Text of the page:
China imports, exports slump in March
Containers stacked up in Qingdao port in east China's Shandong province, March 7, 2014
Imports slumped 11.3 percent year-on-year to $162.4 billion while exports fell 6.6 percent to $170.1 billion, the General Administration of Customs announced, resulting in a surplus of $7.7 billion.
The figures confounded market expectations, which had been for growth of 4.2 percent in exports and 2.8 percent in imports, according to the median forecasts in a survey of 16 economists by Dow Jones Newswires.
The weak March numbers may raise further concerns about the health of China's economy, which has shown signs of weakness this year with a string of disappointing indicators, including on industrial production and consumer spending.
China last week announced a mini-stimulus to boost slowing growth, including extending tax breaks for small businesses and support measures for poor urban districts.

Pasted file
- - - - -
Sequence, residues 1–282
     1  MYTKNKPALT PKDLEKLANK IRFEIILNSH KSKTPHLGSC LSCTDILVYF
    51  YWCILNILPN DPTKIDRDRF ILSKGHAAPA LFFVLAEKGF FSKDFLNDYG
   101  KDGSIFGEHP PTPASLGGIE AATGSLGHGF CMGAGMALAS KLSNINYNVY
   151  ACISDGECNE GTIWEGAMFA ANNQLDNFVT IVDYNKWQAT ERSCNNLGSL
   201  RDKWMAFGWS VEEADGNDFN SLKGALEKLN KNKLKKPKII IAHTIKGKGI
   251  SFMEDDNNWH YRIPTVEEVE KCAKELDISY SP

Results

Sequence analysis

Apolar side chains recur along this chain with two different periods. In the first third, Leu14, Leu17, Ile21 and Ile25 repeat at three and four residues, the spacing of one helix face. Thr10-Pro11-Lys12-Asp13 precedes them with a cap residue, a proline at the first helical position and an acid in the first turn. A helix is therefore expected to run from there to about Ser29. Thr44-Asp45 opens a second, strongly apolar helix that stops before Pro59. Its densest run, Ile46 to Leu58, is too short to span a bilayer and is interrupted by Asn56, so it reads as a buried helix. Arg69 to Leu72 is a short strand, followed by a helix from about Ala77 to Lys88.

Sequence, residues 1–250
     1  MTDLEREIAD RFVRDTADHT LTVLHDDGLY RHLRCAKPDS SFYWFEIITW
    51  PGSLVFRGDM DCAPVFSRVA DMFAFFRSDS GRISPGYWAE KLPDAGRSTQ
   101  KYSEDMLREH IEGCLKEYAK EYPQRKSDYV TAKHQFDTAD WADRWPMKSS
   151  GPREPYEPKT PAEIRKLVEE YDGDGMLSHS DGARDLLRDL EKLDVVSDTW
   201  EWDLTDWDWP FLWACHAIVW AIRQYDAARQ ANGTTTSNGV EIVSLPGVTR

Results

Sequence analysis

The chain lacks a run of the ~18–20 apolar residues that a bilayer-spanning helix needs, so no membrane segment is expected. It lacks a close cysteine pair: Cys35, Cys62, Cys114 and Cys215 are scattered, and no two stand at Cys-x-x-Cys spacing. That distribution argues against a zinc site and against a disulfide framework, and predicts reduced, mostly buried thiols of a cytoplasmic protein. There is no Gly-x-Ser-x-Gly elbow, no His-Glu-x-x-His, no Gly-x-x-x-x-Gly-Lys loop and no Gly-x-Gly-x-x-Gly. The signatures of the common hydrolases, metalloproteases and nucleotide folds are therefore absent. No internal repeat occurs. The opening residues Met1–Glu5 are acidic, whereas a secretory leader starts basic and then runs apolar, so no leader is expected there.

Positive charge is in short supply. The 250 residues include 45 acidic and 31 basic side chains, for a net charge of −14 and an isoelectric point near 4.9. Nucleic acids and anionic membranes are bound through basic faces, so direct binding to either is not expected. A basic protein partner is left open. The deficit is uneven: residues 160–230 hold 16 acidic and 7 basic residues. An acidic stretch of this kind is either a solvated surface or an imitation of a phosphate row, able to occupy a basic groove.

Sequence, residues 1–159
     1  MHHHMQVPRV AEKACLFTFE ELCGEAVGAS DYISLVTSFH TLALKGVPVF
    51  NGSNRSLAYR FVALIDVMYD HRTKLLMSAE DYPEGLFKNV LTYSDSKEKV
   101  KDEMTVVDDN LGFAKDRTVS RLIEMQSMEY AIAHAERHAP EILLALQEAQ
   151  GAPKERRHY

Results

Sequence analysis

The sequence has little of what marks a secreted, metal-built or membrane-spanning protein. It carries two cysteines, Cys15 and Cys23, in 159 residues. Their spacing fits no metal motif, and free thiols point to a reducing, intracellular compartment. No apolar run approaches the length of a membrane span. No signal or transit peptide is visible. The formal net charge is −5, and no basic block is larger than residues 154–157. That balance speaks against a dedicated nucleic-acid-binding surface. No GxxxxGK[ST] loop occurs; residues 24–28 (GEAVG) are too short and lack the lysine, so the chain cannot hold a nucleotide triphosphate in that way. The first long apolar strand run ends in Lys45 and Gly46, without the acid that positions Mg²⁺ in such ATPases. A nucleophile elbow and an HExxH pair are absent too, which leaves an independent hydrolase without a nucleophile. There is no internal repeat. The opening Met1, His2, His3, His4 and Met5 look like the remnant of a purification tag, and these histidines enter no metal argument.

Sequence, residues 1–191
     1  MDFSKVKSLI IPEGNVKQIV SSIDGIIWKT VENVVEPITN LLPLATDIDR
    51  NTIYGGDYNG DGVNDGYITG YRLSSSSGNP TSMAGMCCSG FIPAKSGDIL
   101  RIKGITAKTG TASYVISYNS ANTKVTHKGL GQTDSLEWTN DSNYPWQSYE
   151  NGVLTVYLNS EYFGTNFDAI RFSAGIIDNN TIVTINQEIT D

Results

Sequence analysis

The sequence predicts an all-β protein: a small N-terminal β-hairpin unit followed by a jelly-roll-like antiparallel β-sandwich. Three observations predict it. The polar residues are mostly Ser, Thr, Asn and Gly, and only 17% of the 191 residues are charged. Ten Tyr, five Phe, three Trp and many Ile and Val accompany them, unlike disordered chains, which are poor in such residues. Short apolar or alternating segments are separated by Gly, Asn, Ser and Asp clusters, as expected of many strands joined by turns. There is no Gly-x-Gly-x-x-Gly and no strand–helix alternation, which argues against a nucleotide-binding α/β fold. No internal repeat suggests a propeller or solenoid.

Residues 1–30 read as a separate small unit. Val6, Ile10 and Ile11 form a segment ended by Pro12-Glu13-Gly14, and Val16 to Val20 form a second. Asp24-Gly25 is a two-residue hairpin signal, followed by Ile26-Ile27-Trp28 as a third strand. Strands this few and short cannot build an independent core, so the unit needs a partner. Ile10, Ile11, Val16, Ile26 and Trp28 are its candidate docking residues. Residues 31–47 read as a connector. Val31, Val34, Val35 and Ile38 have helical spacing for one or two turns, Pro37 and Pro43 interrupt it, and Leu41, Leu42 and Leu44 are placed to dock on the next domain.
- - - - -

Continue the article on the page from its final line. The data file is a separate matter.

In his government work report to China's Communist-controlled National People's Congress legislature last month, Premier Li Keqiang set the target for growth in two-way trade this year at 7.5 percent. The actual increase last year was 7.6 percent, missing the eight percent goal set by authorities.
China recorded an unexpected trade deficit of $22.98 billion in February, which authorities blamed on the lunar new year holiday season. That result was China's first monthly deficit in 11 months.
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